NCAA Boss Expresses Concern Drop In Airlines Revenues | Independent Newspapers Limited
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NCAA Boss Expresses Concern Drop In Airlines Revenues

Capt-Mukhtar-Usman NCAA
Posted: Apr 5, 2016 at 3:00 am   /   by   /   comments (0)

Sylvester Enoghase, Lagos
The Director-General, Nigeria Civil Aviation Authority (NCAA), Capt. Mukhtar Usman, has expressed worries at the sharp drop in airlines’ revenue in Nigeria and globally.

He attributed this substantially to discontinued state funding, sustained de-regulation, liberalisation, privatisation and intense competition.

He said this while delivering a paper titled, “The Acts of Promoting Sustainable Air Transport Economy While Maintaining High Level of Aviation Safety Standards” at the just concluded Airport Business Summit and Expo in Abuja,

Usman said human and cargo traffic at many airports has also dwindled with declining purchasing power of passengers and shippers.

According to him: “On the other hand, the cost of providing standard air transport services has continued to rise with the continuous innovations in the facilities and increasing demand for customer satisfaction, as a result, most airlines presently are faced with high and rising cost of operation”.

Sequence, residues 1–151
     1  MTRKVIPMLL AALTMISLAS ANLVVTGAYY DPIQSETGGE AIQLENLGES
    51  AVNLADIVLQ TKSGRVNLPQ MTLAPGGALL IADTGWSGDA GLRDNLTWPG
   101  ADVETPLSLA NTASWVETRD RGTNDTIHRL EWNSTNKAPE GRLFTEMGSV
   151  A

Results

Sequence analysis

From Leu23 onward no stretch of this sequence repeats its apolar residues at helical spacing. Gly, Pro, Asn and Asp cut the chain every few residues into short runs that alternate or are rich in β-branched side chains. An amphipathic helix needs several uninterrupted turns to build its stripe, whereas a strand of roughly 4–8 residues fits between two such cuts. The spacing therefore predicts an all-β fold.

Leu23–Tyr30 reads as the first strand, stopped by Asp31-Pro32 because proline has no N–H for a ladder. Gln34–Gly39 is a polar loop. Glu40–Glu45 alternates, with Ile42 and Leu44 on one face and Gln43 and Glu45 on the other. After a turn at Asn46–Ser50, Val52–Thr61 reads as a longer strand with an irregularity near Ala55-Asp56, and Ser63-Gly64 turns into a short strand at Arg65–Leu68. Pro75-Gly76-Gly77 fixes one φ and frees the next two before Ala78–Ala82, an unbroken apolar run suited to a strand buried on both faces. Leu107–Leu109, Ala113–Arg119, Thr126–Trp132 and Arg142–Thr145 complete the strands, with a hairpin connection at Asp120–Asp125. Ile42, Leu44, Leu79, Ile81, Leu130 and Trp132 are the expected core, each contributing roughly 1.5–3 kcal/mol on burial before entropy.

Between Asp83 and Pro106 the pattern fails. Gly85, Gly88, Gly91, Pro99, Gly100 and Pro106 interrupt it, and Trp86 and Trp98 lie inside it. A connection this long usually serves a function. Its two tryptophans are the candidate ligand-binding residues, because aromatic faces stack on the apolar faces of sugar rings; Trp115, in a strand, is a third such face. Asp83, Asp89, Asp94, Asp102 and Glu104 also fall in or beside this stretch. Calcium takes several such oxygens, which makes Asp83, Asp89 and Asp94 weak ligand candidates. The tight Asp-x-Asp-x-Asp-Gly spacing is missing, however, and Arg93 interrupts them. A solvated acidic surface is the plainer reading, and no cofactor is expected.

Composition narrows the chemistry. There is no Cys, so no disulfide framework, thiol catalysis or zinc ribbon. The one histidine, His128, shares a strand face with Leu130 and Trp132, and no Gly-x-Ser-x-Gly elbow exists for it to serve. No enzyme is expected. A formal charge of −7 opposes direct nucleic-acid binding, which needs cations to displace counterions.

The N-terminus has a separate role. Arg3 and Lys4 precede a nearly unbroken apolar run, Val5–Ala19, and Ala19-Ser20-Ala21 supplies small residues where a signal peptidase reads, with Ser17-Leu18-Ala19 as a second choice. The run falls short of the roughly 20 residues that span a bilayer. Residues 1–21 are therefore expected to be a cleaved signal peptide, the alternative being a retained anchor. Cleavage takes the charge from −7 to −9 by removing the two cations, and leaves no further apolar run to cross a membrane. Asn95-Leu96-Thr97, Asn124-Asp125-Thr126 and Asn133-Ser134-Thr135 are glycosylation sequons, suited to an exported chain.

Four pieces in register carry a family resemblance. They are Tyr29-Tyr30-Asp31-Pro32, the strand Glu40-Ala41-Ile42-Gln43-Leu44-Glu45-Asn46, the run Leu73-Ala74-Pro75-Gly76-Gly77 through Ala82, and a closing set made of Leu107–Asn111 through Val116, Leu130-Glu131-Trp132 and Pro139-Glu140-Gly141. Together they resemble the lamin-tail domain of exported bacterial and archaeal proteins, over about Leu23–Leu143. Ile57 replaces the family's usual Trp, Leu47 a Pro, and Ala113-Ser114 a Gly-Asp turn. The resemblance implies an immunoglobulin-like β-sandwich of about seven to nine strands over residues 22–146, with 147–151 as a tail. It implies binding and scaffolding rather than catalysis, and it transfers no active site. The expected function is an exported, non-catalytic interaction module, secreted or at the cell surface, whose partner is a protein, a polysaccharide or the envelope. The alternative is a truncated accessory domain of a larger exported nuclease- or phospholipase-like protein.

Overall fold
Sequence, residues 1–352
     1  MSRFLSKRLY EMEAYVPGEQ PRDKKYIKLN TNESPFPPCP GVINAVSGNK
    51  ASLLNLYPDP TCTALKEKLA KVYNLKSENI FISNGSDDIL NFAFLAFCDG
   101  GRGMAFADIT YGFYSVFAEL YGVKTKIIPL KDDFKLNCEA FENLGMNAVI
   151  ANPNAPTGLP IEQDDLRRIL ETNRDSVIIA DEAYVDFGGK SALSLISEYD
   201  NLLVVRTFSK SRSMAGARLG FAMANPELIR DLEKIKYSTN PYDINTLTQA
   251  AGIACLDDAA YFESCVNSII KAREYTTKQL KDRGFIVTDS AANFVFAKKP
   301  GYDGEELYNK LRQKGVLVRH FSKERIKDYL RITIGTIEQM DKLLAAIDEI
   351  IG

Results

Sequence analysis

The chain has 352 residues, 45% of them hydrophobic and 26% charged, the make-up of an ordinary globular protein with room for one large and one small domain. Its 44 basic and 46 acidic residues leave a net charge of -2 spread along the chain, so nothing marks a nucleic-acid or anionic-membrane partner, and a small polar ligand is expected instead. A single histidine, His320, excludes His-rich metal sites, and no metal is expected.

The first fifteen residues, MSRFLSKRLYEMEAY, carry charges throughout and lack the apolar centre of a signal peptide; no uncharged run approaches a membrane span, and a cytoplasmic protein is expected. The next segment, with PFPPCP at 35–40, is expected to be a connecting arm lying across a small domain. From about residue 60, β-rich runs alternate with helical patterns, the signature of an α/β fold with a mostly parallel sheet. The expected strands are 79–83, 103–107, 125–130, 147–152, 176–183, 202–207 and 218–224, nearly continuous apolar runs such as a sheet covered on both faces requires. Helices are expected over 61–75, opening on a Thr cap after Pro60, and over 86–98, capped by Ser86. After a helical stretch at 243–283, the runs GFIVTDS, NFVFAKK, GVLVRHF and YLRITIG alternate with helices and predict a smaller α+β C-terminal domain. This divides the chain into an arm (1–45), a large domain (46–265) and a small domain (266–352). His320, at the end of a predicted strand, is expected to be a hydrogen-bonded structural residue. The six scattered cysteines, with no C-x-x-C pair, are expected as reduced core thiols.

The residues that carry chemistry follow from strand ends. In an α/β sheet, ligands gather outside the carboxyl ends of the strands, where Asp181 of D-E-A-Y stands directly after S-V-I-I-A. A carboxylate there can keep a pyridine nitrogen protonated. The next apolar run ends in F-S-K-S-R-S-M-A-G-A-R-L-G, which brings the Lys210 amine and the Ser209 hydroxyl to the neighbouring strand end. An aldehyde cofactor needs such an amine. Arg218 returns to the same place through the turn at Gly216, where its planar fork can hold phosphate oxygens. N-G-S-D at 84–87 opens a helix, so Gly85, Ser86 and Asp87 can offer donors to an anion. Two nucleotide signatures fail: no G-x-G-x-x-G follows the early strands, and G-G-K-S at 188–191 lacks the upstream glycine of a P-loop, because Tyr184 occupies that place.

The NCAA boss noted that in Nigeria, for instance, aviation fuel constitutes 40 to 50 per cent of airlines’ direct operating costs, adding that high cost of funds and the steady devaluation of the local currency in which the airlines’ income is mostly denominated, against the foreign currencies on which their major expenses are based and many others, no doubt, aggravate the challenge.

He stated that a lot of small and average airlines around the world had either collapsed or gone bankrupt, while most, if not all the world’s major airlines have recorded losses or sharp falls in profit Within the period in reference,

The NCAA boss however stated that one of the few areas where significant performances have been recorded is the operation of low-cost airlines that have benefitted from a shift to cheaper travel.

This, he pointed out that it was because they use smaller and more fuel-efficient aircraft and extend their networks to small and remote aerodromes thereby taking their operations to the grassroots and aiding the distribution of goods and services to, as well as the development of the hinterlands.